It's been an open secret for years, but the pair have come forward in their first major interview to discuss life as gay metal musicians, operating within a scene which has traditionally been less than open-minded or accepting of alternative lifestyles. This is a huge step for everyone in the metal community, and here's why.


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Why the New Wu-Tang Clan Album Should Not Happen

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Photo by Katya Horner
Wu-Tang Clan at House of Blues in 2012
As of late, Wu-Tang Clan leader RZA has been acting with a single-minded purpose: making a new Wu-Tang album happen, against all odds. He's already titled it A Better Tomorrow and dropped a couple of singles to promote the album; even as projected release dates have come and gone, he's admitted that he's struggled to get the other eight members in a room together.

Nominally, this would be get me excited. Even though Wu-Tang's last few collaborative efforts have been mixed affairs, the individual members involved have been firing on all cylinders for several years now. However, there are some really good reasons this album should not happen at all.


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Amazon's Funniest One-Star Classic Album Reviews

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Photo by Nathan Rupert via Flickr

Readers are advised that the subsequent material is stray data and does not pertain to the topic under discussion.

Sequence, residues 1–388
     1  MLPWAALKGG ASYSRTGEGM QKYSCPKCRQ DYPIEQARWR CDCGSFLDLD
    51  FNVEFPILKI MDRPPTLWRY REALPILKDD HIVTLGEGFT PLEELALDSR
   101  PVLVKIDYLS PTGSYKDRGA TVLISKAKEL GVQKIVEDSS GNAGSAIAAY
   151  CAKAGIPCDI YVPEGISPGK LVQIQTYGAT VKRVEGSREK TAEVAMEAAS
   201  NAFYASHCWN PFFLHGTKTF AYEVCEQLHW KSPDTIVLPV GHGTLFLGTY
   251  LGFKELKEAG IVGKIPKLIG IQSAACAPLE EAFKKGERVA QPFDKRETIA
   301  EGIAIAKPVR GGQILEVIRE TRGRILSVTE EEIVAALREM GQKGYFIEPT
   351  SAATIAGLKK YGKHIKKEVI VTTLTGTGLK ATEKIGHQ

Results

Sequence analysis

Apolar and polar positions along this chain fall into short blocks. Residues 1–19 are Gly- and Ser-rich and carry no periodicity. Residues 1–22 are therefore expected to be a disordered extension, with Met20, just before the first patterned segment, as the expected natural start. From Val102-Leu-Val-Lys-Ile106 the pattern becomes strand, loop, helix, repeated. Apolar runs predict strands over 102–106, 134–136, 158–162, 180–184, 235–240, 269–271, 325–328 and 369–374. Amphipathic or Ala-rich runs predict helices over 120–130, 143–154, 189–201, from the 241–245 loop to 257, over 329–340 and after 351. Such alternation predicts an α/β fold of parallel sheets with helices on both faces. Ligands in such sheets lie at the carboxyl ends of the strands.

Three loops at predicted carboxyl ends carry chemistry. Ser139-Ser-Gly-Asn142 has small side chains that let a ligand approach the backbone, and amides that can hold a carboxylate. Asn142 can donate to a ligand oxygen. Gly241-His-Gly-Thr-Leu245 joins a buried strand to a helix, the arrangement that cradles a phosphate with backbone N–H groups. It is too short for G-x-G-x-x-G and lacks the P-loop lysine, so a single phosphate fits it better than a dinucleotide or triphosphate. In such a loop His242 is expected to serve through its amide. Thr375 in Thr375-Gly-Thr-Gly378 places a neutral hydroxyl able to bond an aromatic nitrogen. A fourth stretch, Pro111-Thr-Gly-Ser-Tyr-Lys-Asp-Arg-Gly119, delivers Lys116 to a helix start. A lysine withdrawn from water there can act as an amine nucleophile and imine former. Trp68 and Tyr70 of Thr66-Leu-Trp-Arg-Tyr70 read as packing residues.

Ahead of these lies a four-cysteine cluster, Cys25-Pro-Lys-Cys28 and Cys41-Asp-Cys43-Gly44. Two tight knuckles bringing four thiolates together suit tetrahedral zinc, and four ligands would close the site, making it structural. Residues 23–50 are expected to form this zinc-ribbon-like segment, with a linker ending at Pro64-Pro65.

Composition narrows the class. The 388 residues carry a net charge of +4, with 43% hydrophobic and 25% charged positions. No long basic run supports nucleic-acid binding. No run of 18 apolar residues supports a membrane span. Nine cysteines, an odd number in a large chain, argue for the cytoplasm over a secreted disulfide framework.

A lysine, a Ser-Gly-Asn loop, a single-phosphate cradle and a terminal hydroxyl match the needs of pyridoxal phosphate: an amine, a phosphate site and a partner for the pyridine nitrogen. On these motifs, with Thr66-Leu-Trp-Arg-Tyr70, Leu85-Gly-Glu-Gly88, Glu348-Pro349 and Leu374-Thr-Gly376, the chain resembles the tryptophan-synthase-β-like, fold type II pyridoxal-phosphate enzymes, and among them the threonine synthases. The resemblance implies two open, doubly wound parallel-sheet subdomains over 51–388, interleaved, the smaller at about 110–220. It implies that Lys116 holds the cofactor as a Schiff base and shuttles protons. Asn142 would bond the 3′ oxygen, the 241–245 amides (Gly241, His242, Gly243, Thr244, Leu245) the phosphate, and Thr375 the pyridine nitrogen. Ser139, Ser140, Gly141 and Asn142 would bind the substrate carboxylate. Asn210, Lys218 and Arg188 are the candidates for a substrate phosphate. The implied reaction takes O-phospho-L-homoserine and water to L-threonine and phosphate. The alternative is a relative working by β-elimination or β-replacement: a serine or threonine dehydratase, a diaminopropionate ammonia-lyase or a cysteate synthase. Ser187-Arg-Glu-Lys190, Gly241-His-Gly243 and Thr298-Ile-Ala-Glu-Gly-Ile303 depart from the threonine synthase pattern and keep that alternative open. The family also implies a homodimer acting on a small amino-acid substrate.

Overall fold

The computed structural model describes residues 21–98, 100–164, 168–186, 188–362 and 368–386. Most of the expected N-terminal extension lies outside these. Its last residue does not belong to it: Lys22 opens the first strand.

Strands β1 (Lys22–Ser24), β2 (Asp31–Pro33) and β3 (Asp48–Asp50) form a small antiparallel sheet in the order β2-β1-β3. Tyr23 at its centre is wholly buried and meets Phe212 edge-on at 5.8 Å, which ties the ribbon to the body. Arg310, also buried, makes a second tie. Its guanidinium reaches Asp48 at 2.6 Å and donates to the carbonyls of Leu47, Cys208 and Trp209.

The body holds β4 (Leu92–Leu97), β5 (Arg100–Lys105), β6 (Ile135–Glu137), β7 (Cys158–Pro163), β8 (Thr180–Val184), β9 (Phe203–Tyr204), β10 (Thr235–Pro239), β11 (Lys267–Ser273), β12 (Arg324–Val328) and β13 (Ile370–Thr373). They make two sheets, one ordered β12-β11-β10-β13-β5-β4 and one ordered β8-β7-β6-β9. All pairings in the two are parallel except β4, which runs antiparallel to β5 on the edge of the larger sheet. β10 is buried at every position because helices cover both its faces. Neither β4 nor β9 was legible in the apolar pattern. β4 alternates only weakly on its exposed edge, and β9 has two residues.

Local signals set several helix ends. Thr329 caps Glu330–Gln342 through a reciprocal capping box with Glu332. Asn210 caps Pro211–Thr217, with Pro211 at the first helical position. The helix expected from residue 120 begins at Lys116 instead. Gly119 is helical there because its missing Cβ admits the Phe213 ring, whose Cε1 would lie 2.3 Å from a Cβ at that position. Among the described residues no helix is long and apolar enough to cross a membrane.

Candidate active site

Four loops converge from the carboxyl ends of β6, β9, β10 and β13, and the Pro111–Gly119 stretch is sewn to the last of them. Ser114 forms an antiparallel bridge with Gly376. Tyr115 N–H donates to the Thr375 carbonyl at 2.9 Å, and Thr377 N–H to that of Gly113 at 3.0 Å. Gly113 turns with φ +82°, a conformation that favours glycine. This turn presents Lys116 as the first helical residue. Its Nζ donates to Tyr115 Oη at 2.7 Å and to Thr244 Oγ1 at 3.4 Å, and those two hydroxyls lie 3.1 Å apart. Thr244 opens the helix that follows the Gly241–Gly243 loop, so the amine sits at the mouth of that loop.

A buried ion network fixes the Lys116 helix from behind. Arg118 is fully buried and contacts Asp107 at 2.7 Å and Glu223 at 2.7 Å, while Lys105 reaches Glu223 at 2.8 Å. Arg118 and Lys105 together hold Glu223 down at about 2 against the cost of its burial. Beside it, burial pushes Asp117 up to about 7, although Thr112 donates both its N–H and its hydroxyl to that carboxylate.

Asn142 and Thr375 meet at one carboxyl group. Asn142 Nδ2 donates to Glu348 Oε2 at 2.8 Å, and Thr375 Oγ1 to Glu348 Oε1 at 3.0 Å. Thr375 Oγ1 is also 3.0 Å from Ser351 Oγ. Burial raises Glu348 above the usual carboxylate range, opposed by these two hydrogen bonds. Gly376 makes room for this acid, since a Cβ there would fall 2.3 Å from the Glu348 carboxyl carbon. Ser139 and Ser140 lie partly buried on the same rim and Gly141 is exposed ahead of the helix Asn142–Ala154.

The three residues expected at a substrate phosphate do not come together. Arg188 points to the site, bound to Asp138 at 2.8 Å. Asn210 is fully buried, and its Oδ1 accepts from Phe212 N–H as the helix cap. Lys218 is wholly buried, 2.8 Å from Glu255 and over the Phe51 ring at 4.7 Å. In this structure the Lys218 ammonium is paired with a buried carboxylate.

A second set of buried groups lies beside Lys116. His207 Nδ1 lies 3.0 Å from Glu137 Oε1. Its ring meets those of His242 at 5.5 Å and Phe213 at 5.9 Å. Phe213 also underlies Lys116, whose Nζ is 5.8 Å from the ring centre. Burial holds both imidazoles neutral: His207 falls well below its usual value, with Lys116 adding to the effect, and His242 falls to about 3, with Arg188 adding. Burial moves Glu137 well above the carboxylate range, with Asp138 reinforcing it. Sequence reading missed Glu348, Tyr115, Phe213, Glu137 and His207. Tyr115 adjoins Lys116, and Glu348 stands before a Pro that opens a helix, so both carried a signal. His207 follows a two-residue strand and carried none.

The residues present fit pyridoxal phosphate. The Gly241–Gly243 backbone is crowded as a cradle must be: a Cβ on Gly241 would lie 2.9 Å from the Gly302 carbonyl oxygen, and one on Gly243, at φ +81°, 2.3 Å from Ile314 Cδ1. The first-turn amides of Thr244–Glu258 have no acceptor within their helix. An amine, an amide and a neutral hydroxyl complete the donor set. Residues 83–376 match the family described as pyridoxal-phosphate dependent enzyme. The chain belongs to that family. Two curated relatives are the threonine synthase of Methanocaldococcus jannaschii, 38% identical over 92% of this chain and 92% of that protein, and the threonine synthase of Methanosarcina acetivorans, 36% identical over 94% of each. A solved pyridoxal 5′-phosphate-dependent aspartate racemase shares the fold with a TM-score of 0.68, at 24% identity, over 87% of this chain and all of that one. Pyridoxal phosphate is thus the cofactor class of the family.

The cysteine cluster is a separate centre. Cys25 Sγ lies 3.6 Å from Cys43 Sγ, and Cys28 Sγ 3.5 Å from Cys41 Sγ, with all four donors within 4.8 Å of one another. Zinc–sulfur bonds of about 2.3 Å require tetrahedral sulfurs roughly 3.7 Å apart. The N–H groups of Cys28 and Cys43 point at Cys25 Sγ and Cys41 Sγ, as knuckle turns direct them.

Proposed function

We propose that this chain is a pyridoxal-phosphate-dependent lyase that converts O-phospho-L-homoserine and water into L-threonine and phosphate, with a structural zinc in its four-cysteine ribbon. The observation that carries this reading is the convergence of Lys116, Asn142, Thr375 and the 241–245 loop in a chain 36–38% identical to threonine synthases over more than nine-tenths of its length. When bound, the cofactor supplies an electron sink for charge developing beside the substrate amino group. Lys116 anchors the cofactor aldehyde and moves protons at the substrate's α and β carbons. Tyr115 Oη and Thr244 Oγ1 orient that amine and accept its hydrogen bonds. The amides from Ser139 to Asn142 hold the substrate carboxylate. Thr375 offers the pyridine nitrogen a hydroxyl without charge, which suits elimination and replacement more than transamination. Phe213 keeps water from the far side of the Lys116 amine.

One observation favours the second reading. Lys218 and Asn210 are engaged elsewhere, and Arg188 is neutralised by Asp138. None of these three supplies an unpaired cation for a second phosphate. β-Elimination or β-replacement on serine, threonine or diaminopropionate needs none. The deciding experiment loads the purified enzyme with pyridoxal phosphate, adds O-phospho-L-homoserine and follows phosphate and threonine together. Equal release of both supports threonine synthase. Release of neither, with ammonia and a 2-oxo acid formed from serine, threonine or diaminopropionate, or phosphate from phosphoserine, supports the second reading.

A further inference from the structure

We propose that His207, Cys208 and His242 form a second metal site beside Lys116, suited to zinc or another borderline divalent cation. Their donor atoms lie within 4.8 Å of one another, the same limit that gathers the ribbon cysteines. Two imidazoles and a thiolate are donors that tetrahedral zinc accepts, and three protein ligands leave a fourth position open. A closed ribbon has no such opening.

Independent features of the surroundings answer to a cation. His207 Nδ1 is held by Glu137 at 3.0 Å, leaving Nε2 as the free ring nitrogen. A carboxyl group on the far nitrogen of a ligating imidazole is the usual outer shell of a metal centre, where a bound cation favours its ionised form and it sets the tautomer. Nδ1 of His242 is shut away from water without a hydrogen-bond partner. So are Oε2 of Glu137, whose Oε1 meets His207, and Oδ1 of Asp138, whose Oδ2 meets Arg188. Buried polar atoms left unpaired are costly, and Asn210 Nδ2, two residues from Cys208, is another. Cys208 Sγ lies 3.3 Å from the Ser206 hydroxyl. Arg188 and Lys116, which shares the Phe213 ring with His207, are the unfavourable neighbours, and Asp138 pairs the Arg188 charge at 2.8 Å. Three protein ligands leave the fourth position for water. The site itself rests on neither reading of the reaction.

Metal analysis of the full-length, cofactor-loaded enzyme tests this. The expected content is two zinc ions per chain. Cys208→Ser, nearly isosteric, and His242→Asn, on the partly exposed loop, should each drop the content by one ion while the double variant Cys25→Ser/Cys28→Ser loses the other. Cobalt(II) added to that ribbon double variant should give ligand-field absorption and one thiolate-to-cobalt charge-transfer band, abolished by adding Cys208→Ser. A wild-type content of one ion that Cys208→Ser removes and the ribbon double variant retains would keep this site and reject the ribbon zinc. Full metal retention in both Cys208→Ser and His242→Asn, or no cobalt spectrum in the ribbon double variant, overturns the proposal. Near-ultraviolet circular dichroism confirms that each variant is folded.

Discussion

As a music writer, it can be beneficial to seek out other music reviews to see what people are thinking, aficionados and trolls alike. Let's look at Amazon, a popular site where I admit I've spent a bit of money and time. You can find anything here, down to your most basic grocery-shopping needs.

As with all other comment sections, really, Amazon's consumer reviews can be deafening. These critics have opinions that they absolutely have to defend, or else they just want attention. Others just get really excited sharing their naysaying opinions, and sites like Amazon provide a wide audience. Today we thought we'd help widen some of these reviewers' audiences (hopefully alongside our own) with a top-notch, annotated selection of Amazon's one-star album reviewers.


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The Pixies Should Just Retire Already

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Photo by Groovehouse
The Pixies in 2010, the way everyone remembers them